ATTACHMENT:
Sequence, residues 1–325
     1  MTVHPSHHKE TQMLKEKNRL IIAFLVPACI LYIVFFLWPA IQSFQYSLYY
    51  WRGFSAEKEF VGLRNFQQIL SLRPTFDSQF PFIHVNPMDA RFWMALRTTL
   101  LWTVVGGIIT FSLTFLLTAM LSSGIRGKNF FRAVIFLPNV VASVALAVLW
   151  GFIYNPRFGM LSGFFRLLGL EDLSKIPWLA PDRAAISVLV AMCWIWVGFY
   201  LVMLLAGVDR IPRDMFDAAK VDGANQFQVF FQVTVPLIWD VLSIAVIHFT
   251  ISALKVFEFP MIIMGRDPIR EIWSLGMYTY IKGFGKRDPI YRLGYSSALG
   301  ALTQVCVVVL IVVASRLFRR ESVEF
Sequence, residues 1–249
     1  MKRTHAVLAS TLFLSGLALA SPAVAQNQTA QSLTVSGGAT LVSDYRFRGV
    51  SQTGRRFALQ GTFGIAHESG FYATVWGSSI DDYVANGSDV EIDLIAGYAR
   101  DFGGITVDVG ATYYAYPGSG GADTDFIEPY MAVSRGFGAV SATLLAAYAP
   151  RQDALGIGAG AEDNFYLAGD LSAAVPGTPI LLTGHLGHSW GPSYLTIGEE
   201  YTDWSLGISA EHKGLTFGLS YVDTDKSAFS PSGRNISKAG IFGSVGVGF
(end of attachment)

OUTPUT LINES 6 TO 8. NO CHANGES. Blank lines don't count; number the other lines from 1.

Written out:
   201  LVMLLAGVDR IPRDMFDAAK VDGANQFQVF FQVTVPLIWD VLSIAVIHFT
   251  ISALKVFEFP MIIMGRDPIR EIWSLGMYTY IKGFGKRDPI YRLGYSSALG
   301  ALTQVCVVVL IVVASRLFRR ESVEF